Investigation of artifacts from chronographic tethering experiments—interactions between tethers and predators
Haywood, M.D.E., Manson, F.J., Loneragan, N.R. and Toscas, P.J. (2003) Investigation of artifacts from chronographic tethering experiments—interactions between tethers and predators. Journal of Experimental Marine Biology and Ecology, 290 (2). pp. 271-292.
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We used a submersible chronographic tethering device to compare the survival time of tethered juvenile brown tiger prawns (Penaeus esculentus [Haswell, 1897]) in seagrass and bare plots at two different sites. At one site, more prawns survived and those that were eaten survived for longer among the seagrass than on the bare habitat. However, at the other site there was little difference between numbers of survivors and survival time in the seagrass compared to the bare substrate. Laboratory observations suggest that the difference in survival was due to an effect of the tethers on the prawn's ability to escape from blue-swimmer crabs (Portunus pelagicus [Linnaeus 1758]), and differences in the abundance of P. pelagicus at the two field sites. P. pelagicus rely on olfaction, rather than sight to locate their prey, and so the crabs' efficiency at locating tethered prawns is not affected by the structure that seagrass provides. Our results clearly demonstrate an example of an artifact caused by experimental intervention, and highlight the need to investigate the possible effects of these types of artifacts.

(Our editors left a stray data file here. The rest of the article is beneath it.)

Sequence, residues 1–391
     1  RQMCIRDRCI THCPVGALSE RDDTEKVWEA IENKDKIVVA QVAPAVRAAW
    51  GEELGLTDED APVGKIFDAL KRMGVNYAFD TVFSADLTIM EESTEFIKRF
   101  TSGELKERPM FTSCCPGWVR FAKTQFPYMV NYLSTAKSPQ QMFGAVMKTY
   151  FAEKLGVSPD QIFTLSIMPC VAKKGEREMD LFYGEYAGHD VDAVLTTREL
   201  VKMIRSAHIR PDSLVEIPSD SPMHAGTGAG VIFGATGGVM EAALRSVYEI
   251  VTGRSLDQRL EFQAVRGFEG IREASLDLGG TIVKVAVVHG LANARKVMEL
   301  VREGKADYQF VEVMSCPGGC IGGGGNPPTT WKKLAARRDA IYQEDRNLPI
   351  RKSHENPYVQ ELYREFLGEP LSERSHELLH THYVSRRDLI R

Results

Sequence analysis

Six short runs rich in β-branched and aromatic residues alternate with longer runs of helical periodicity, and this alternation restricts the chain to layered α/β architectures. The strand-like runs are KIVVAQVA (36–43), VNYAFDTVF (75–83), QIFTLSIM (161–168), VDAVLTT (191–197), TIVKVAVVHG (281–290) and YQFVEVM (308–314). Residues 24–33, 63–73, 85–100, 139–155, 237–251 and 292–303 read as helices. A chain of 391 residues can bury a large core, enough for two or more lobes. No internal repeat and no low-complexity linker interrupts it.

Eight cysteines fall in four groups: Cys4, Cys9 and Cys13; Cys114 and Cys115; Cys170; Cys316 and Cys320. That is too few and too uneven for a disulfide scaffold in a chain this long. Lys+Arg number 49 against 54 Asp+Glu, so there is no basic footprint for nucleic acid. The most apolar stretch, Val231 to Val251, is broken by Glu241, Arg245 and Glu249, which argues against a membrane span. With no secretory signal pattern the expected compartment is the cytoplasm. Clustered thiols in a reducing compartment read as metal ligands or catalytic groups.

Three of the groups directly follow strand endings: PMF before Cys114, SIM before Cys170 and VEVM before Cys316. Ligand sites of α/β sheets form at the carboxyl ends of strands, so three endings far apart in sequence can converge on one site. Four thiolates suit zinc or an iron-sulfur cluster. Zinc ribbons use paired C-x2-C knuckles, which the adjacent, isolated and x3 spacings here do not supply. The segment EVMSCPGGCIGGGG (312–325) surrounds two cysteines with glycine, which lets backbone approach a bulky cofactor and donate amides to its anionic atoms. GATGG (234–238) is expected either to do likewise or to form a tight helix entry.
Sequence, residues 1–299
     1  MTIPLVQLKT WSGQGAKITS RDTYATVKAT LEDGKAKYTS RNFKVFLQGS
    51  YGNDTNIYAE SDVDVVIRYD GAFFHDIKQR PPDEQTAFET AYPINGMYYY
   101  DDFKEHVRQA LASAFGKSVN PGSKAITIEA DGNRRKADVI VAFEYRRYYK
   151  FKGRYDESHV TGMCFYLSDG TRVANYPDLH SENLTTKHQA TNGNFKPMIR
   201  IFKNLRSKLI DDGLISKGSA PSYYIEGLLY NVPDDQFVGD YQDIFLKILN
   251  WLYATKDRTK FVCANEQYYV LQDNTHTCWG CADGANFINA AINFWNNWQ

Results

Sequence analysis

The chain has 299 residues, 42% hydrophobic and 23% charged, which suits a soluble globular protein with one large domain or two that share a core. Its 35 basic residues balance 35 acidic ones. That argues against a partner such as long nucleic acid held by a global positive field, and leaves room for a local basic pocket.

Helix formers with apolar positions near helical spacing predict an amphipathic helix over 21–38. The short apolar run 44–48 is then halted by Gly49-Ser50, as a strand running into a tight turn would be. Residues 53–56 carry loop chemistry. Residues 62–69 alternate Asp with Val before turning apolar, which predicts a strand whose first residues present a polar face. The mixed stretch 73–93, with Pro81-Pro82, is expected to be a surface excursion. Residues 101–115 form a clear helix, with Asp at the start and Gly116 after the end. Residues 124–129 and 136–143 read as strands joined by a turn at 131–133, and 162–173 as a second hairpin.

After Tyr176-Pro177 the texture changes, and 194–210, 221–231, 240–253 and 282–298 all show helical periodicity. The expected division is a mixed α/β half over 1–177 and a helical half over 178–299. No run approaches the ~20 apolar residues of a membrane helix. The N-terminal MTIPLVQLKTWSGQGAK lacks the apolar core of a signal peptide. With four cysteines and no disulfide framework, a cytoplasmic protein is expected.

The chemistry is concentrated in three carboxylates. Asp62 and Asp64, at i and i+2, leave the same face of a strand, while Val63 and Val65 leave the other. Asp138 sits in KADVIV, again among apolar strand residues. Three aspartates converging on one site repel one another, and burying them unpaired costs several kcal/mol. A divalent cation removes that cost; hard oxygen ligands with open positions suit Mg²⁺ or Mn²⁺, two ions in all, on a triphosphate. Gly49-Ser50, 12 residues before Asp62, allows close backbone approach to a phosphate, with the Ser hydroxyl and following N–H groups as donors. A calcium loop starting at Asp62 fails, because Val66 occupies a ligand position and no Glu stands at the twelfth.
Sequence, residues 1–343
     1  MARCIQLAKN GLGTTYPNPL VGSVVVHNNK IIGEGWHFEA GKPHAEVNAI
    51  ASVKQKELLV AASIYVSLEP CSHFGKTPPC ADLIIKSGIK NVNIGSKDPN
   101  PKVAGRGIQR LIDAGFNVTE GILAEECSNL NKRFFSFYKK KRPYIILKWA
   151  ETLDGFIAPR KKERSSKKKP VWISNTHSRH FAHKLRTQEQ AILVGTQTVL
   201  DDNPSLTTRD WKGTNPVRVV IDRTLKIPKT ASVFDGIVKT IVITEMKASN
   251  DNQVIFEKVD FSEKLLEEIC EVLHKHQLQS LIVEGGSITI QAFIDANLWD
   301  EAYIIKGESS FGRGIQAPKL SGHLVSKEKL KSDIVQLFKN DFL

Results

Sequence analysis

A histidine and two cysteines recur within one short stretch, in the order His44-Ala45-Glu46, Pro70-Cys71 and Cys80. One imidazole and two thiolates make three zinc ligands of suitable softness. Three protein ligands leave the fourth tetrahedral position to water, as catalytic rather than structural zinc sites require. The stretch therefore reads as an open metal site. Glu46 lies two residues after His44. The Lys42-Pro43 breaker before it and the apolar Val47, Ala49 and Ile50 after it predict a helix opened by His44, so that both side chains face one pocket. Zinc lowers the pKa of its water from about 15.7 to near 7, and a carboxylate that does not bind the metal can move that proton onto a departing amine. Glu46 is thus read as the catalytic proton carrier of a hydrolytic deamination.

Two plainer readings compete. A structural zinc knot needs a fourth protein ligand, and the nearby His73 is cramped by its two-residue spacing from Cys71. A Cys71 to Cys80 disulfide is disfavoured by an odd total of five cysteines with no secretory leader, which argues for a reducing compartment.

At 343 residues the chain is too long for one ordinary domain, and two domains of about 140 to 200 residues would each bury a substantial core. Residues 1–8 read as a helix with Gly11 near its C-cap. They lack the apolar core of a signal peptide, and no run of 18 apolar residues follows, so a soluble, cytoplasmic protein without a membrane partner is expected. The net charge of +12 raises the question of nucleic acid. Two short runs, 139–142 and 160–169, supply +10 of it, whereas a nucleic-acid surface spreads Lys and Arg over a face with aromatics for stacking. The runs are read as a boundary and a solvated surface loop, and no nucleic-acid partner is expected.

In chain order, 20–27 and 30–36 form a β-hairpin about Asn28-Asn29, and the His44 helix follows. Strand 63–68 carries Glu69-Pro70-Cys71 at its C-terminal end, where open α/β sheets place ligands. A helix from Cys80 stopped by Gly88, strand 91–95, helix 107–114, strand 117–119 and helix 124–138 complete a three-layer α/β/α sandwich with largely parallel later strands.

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|Copyright:||Crown Copyright © 2003|
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